“There’s a movement in the church to marry action and contemplation, to connect orthodoxy and orthopraxis. We’re not throwing out the things we believe, but we’re also focusing on practices that work out those beliefs. In the past few decades Christianity has primarily been about what we believe. But in Jesus we see an invitation to join our actions with a movement rather than ideas and doctrine. People have grown tired of a Christianity that can say what it believes on paper but doesn’t have anything to show with our lives.”
—Adapted from Shane Claiborne, When Action Meets Contemplation (Center for Action and Contemplation, 2010), disc 1.
Orthopraxis, or practicing our faith, is different from orthodoxy, an adherence to a certain belief. It is a paradox. We need both. We need to frame and reframe what we believe; but if we do not put that belief into practice we are like a “noisy gong.” I am one of those people Shane Claiborne talks about who has lots of t-shirts spelling out social justice issues—but until I write letters or make phone calls or visit those in prisons or those who are sick or in trouble,
I am not putting that belief into practice. I have learned this most pointedly from younger people. The women in my family marched in the women’s march the day after the recent presidential inauguration. We were talking with our feet. We were inspired to do more by the crowds and speakers at this protest.
That day has become like an icon for me about reaching out from the words of my comfortable t-shirt and visiting and making calls and protecting those in need. I know in my heart that this is the way the Spirit works. We are called to study about God and the Spirit, but we are also compelled to find the God within ourselves that will lead us to discover the God in others.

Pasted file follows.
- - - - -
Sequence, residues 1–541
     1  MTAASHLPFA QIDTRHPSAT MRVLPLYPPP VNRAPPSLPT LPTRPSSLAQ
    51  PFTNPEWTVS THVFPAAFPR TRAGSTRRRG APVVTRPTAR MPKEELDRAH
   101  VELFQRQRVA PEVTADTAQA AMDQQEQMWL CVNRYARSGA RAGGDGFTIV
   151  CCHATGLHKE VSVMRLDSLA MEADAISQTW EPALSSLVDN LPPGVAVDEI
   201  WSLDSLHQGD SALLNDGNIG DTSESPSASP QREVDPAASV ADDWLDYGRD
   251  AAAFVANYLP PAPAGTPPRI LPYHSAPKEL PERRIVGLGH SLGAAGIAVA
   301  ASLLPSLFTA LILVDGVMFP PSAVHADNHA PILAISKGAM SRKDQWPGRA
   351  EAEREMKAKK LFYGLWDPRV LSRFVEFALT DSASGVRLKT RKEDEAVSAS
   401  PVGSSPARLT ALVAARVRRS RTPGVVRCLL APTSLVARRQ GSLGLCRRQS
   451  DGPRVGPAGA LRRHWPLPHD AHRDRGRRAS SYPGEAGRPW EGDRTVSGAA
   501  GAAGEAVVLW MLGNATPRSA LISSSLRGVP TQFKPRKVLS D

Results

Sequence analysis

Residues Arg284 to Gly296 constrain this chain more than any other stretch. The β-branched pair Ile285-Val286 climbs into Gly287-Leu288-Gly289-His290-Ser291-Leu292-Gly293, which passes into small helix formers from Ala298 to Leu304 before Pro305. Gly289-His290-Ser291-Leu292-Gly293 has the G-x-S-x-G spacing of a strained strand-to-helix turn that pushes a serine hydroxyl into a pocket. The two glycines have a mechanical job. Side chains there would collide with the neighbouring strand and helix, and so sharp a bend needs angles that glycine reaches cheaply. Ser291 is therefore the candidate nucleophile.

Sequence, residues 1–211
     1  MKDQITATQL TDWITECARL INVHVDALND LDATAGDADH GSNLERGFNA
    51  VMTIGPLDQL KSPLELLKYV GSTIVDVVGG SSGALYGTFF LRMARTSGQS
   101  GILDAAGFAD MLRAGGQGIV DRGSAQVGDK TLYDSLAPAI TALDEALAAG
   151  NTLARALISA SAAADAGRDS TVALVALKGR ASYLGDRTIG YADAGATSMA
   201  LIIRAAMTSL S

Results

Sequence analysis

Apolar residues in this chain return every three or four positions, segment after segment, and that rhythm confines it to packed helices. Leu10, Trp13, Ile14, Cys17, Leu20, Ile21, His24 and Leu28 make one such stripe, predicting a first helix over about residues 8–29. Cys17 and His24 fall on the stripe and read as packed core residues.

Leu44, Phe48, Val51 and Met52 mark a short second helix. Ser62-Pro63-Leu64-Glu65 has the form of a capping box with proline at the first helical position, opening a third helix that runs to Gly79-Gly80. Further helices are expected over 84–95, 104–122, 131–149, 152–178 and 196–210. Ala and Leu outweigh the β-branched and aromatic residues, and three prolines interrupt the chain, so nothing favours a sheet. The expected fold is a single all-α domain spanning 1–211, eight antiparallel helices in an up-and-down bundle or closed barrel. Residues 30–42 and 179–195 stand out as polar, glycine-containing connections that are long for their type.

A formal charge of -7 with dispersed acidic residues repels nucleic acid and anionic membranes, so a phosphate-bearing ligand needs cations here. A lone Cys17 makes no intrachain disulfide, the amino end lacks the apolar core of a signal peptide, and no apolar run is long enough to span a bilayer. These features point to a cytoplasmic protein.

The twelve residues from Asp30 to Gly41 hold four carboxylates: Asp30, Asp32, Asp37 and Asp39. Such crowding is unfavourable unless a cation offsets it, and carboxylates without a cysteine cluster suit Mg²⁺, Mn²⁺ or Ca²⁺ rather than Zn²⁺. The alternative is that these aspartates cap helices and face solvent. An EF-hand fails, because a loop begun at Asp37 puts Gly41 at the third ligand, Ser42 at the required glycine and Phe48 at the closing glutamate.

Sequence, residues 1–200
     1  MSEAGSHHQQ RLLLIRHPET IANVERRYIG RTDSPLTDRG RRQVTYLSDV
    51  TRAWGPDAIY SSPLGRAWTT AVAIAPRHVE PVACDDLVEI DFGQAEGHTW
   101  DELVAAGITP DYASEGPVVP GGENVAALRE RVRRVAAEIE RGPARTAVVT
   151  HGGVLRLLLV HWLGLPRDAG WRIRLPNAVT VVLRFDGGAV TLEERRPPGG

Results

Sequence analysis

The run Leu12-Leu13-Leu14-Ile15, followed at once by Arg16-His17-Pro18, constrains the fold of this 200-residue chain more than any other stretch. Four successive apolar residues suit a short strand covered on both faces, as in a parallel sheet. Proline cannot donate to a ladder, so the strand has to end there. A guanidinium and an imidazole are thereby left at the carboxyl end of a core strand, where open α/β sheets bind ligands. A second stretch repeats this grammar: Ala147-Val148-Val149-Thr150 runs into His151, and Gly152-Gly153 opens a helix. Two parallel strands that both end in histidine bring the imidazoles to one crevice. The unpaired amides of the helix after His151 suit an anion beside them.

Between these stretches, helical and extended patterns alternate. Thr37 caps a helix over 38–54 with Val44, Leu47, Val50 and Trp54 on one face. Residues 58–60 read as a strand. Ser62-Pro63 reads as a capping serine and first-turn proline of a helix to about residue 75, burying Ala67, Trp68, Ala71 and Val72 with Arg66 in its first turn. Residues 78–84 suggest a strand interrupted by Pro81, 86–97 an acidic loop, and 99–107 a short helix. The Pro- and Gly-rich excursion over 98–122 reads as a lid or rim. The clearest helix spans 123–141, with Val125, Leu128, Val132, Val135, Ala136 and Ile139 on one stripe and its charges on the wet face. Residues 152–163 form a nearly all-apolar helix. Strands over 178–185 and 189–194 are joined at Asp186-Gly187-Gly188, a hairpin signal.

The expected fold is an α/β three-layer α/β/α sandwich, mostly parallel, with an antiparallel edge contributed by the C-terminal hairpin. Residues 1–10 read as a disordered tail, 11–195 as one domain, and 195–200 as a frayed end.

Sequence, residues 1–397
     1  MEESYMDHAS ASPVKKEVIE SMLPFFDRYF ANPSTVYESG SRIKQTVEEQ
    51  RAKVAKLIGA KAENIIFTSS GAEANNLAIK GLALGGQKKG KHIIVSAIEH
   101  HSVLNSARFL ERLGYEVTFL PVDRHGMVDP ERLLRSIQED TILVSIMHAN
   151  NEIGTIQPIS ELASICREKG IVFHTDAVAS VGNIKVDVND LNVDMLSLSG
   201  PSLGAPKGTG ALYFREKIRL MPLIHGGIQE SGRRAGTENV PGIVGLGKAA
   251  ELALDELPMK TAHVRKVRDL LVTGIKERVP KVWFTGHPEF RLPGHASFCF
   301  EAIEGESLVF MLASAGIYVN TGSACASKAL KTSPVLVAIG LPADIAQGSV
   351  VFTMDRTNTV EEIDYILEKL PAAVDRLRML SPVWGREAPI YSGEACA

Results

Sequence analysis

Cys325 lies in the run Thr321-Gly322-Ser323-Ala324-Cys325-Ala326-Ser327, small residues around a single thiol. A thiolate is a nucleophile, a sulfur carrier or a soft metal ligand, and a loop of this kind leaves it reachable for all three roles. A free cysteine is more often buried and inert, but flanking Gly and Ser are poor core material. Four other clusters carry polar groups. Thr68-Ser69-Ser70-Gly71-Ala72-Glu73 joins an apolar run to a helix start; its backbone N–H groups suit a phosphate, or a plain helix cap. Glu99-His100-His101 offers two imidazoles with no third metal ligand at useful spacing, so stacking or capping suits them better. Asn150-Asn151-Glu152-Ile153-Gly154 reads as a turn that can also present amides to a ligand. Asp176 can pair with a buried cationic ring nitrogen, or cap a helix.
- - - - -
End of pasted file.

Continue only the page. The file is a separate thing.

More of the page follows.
I share with spiritual friends that when I am attempting to find God in others, God is most apparent in those in need. God most readily shines in those who are sick or dying or seeking recovery, or in those at our food pantry or at our dinners for homeless veterans. Practicing the ministry of orthopraxy teaches us the most about orthodoxy, about God.
Come and get a signed copy of the new book
Just in time for the holidays
A Spiritual Rx for Advent Christmas, and Epiphany
The Sequel to A Spiritual Rx for Lent and Easter
Both are $18
All Money from sale of the books goes either to Camp Mitchel Camp and Conference Center in Arkansas or Hurricane Relief in the Diocese of Central Gulf Coast
Seibert’s, 27 River Ridge Road, Little Rock, Arkansas 72227
10 to noon, Saturday September 14, 2019